The only problem is the voters these political pros are listening to have their own set of biases and prejudices. Common sense says there isn’t anyone in America that is truly “undecided” if they’re educated on the issues and have immersed themselves in fact. Therefore, all the “independent” voters who determine close elections are the uninformed ones most susceptible to media slanting, traditional value-shaming (“Support the LGBTQ agenda or you’re a bigot!”) and the whims of the political moment.

The “moderates” in Congress have enslaved themselves to these people. Since they have few principles of their own they’re able to sway from one position to the next like prairie grass in a windstorm. They make all sorts of promises to get elected -- “I will repeal Obamacare!” – but when it comes time to actually vote in Congress, they lose their nerve.

At that instant Mitch McConnell and the rest of the establishment swoops in and the deal is done – or should I say not done. The powers that be tell the “moderates” that it’s okay to break their campaign promises to the people – after all, those dumb yokels don’t really understand what they voted for, right?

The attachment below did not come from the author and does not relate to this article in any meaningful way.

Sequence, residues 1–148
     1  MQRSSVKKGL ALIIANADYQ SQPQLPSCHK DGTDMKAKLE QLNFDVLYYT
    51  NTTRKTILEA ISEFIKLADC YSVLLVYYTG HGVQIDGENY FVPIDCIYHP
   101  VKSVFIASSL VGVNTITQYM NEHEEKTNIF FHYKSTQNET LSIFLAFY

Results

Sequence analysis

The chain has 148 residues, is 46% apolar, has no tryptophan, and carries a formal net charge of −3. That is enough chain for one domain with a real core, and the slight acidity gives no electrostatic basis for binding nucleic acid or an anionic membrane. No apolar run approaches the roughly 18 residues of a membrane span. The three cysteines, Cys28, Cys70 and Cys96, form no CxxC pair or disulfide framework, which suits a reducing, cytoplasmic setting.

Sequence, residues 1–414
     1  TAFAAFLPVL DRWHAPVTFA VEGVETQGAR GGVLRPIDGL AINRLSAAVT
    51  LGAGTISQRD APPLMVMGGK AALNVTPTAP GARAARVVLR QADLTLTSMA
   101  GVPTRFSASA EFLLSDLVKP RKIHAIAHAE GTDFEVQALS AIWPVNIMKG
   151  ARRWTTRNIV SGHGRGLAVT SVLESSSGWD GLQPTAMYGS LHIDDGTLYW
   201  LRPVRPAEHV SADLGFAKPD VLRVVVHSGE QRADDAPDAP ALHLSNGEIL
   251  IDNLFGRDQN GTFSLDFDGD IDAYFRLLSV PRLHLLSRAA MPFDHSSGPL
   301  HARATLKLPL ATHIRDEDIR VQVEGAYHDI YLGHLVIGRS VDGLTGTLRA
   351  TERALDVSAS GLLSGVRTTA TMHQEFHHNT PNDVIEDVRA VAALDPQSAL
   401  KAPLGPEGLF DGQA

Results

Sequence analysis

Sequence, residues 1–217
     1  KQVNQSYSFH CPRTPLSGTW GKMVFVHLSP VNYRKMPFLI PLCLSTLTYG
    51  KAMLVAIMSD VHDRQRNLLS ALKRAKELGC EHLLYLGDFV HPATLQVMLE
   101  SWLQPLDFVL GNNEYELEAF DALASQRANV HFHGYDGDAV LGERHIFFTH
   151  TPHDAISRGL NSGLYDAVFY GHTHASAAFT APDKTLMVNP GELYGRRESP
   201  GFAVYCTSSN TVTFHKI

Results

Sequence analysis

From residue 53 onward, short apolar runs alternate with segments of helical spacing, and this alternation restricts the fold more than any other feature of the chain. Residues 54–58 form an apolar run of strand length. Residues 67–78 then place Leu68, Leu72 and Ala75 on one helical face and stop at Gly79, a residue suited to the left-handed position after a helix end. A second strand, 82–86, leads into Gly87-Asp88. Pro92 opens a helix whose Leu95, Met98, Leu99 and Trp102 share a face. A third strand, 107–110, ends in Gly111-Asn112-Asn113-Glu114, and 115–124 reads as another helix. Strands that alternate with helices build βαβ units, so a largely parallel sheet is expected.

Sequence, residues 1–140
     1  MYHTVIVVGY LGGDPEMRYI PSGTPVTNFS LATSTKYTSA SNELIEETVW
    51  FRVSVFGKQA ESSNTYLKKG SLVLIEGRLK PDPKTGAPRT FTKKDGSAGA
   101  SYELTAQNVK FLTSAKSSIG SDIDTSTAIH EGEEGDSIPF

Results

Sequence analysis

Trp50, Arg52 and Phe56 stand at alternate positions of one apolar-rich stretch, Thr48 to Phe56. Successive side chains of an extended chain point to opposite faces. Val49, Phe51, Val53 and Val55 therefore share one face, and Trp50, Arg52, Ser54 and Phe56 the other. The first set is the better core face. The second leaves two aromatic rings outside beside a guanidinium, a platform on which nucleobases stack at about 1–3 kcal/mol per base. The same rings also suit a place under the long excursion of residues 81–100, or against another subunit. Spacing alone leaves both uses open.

Therefore, much of what is accomplished by Congress is watered down and virtually useless. Not only does it fail to solve problems it basically creates more. If Obamacare were allowed to implode on its own a lot of people would be hurt; but if the Republicans pass something that doesn’t address the real issue a lot of people will be hurt and they’ll be stuck holding the proverbial bag, too.

Hence, the no-win situation McConnell and the feckless GOP establishment leadership have gotten themselves into.

Others seem to agree the political repercussions from failure to act will be severe.